Auk’s Top Cited, #2: First Global Census of Adélie Penguins

Pygoscelis penguins breed earlier in response to climate change
Map and aerial photography of Adélie Penguin colonies.

Our series highlighting our top cited papers of 2014 and 2015 is nearing its end! This week we’re looking at First global census of the Adélie Penguin by H.J. Lynch and M.A. LaRue, from the October 2014 issue of The Auk.

The authors combined surveys of satellite imagery with counts in the field to estimate the total global population of Adélie Penguins, which breed in colonies in Antarctica. By comparing their numbers for each site with previous data when available, they were also able to assess population trends. They reached an estimate of 3.79 million breeding pairs in 251 breeding populations, not including 7 colonies that they lacked data for. 17 sites they censused appeared to be new colonizations within the past few decades, while 8 previously known colonies appeared to have gone extinct.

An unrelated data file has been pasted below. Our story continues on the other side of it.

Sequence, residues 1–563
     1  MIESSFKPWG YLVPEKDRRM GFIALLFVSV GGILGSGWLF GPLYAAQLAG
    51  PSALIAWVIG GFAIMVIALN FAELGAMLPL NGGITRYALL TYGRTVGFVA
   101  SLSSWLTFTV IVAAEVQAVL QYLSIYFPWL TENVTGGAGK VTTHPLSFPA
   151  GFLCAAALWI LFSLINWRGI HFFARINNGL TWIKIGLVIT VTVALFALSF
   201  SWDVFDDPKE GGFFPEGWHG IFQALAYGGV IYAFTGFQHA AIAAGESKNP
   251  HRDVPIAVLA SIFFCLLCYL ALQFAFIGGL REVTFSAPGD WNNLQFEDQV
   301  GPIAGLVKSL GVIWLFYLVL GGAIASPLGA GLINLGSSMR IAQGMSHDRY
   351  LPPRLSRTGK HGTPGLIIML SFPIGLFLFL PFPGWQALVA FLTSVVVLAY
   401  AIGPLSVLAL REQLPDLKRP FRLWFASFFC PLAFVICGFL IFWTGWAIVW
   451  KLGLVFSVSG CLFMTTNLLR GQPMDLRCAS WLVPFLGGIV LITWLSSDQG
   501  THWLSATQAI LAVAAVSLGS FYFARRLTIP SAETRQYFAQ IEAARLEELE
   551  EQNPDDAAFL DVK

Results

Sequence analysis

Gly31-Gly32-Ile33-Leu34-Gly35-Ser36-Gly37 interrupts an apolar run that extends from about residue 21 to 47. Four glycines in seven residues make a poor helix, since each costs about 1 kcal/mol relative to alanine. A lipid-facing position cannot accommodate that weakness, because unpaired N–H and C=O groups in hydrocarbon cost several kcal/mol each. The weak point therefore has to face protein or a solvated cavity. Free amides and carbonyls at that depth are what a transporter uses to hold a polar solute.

While populations on the Antarctic Peninsula are declining, this study shows that those declines are more than made up for by increases in East Antarctica. The authors recommend expanding field surveys of sites where Adélie and Gentoo penguins, which are difficult to distinguish from satellite imagery, breed together, and future censuses of the 7 sites they were unable to reach.

Read the full paper at